If you’ve followed my blogs and Twitter posts over the past decades you may already understand this, hopefully remember all the times I’ve explained it. This is after all a forecasting site and a learning blog not one for those looking just for easy spoon-fed bumper sticker answers to a complex world.
Computer models use mathematical formulas of physics translated into an algorithm starting with an approximation of the current atmosphere and then projecting how it will evolve into the future.
It’s called Numerical Weather Prediction (NWP) using equations such as:
Those models and equations generate charts and maps like these that need a meteorologist to translate into the weather forecast:
The analog method (sometimes analogue) looks at past weather history and tries to find matches from the past to the recent and present, an historical analogy if you will. The matches will unlikely be perfect but will be close/similar even though not exact.
We can seek these analogs by looking at anything: jet stream patterns, ocean temperature patterns around the world, snow cover, sea ice, temperatures and rainfall, the stratosphere etc.
All similar years from the past are then merged together for the mean of the weather that followed. Those are the analog years.
Once the near matches are found, those years are then merged to reveal the composite or mean (average) of that history to make a prediction about the future:
HERE IS A GREAT REAL WORLD RECENT EXAMPLE.
We are in a La Nina (-ENSO) condition in the Pacific Ocean. It’s is the second year of this condition. So we look back at past Aprils in a second year La Nina to check on what temperatures have looked like in past LaNina2 situations and find:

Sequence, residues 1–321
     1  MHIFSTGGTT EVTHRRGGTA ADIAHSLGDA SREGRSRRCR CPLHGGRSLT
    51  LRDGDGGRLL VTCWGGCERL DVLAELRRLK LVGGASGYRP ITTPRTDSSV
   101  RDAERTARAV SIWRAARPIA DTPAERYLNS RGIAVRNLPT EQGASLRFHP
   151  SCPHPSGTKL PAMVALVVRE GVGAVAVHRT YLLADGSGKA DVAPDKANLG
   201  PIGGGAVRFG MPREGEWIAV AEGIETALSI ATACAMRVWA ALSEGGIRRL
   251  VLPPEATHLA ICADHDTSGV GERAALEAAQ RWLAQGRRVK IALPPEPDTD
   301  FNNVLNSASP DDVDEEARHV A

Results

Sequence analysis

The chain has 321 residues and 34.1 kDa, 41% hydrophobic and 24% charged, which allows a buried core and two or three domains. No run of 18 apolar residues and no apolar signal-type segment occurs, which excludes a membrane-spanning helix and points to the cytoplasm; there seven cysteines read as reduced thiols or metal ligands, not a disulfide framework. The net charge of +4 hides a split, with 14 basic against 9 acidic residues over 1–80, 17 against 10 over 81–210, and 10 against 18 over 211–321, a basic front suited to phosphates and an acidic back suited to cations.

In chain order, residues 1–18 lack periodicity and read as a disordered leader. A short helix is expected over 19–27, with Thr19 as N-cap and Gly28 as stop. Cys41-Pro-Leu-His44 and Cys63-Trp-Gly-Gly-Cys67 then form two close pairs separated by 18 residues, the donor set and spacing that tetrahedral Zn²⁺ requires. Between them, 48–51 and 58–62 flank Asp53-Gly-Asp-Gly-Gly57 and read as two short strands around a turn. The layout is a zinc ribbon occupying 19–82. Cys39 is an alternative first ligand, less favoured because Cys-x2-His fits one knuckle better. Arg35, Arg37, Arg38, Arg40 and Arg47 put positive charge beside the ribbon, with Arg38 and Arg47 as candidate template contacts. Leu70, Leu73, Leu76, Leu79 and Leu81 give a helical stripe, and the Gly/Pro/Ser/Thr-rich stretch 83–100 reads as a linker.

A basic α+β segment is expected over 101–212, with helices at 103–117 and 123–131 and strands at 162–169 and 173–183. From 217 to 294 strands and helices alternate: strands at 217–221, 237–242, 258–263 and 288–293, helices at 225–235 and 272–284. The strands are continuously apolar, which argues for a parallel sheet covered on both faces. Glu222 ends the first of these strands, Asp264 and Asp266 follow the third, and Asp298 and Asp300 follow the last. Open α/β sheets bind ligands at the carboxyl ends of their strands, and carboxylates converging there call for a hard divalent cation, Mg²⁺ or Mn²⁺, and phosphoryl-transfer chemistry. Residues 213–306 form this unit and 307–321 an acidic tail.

So if one had used those ANALOGS to predict last month it would have done a good job of showing the general pattern of what actually did occur in April 2021:
Not too shabby. Of course it’s not going to be perfect that’s to be expected. As I said we use a composite of the past based on closest matches or analogs, close does not mean perfect match. The past years and the future being forecast will be similar but similar is not the same thing as THE EXACT SAME. Like history the weather may not repeat precisely but it will rhyme.
If you notice those financial ads on Radio and TV or if you invest in stocks directly or through a 401K/mutual funds then you know the disclaimer: “Past results do not guarantee future results”.
That goes for the analog method as well.
Similar and same are two different words with two different meanings, never confuse the definitions.
REMEMBER, as I mentioned at the top anything can be looked at to find possible analogs, this version looked only at recent second year La Ninas. When making a forecast for a month or season ahead we use multiple analogs and computer models in a blend method to make a long-range forecast out weeks or months.
And as always these outlooks show the average or mean for the month or season as a whole, not every day or every week.
So if you didn’t know now you know.
For more weather and climate info follow me on Twitter @MellishMeterWSB.